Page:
I don't think the LP would work as a BSL flasher by itself. As the BSL interface requires 4 pins. the two serial pins RX,TX and then two pins connected to RST and TEST to perform the proper BSL entry signals. However a simple BSL flasher from a simple FTDI 232 usb->UART breakout board green wiring the CTS and DTR pins out to a header to connect to RST and TEST. If you have one of these breakout boards on had this will be an easy option.
Since those signals need only be applied once to enter BSL mode, one could easily place a G series device to enter BSL mode on the target device by pressing the button on the launchpad or receiving a serial command, then just feed the serial data straight though from the LP to a BSL target...I might look into this.
kenemon reacted to zeke in I will back back soon
This is what I've been doing. I recommend it.
Last year about this time, I started figuring out the Dallas One Wire temperature sensor stuff. A friend of mine told a company about it. They are the world's largest user of Dallas One wire temp sensors. That company contacted me and hired me to do a couple of non-one-wire projects for them. I got a chance to earn some badly need money and a chance to prove to them that I was a trustworthy EE.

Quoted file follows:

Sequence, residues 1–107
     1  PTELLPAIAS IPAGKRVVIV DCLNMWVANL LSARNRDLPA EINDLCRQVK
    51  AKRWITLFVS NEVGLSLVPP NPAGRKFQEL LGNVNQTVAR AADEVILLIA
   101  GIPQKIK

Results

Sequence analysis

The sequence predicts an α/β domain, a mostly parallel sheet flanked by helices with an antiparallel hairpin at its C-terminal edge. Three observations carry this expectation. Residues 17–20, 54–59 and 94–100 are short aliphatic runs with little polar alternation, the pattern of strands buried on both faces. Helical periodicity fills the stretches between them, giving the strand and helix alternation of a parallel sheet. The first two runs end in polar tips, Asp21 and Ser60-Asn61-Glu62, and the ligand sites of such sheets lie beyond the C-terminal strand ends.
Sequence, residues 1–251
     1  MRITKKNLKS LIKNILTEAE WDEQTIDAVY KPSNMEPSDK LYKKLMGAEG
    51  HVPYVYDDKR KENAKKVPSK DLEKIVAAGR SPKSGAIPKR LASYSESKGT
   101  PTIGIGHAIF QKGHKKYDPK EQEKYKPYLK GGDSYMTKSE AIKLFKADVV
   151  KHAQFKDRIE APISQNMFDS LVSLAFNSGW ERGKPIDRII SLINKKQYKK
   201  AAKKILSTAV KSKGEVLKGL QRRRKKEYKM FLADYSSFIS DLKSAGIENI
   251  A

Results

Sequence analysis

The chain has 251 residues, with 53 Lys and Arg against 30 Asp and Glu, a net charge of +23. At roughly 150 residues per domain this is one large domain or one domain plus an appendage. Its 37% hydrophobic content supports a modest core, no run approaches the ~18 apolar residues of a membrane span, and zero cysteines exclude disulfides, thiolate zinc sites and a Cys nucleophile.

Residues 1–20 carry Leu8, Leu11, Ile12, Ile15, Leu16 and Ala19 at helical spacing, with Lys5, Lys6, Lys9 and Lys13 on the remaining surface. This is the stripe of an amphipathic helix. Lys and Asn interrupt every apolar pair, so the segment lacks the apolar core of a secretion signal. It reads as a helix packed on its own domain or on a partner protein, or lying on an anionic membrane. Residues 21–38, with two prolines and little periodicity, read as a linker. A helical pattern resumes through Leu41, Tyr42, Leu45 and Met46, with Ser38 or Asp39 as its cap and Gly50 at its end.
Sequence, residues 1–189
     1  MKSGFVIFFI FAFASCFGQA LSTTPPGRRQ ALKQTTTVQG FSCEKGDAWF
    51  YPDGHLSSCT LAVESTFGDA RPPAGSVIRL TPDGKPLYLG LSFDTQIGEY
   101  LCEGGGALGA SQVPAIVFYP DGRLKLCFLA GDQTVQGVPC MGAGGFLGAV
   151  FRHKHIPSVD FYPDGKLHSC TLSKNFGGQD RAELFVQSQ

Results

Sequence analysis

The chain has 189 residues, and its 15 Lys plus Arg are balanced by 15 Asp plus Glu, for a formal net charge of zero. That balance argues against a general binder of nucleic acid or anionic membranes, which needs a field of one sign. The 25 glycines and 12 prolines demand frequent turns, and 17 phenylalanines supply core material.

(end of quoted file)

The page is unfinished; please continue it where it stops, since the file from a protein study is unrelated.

Today, I am working a full time contract with them doing all of their EE hardware design and the possibility of full time employment is very real.
I wholeheartedly recommend that you pour yourself into yourself. Make anything and everything you personally want to do. Develop new skills and cultivate new experiences so that you're ready to pounce on work when it comes.
If possible, make your own product and sell it. Start small. Make something that you want and need. If you're passionate about it then someone else will be as well.
When you complete your design then you will have a trophy that you can remind yourself "Hey! I did it. I made this myself. I AM AWESOME! Here's the proof!"
If you need some concrete steps in this process then just ask. My door is open.
kenemon reacted to SugarAddict in LS Research zigbee?
I'm in the middle of a lot of stuff right now, but I'm totally jumping headfirst into this thing when I get a chance. That may end up being a month or two. I actually managed to purchase the last 2 they had in stock, one for me and oPossum is getting the other in trade for some loose proflex's. So out of the group of us, there should be something to show for it all :!!!: :angel: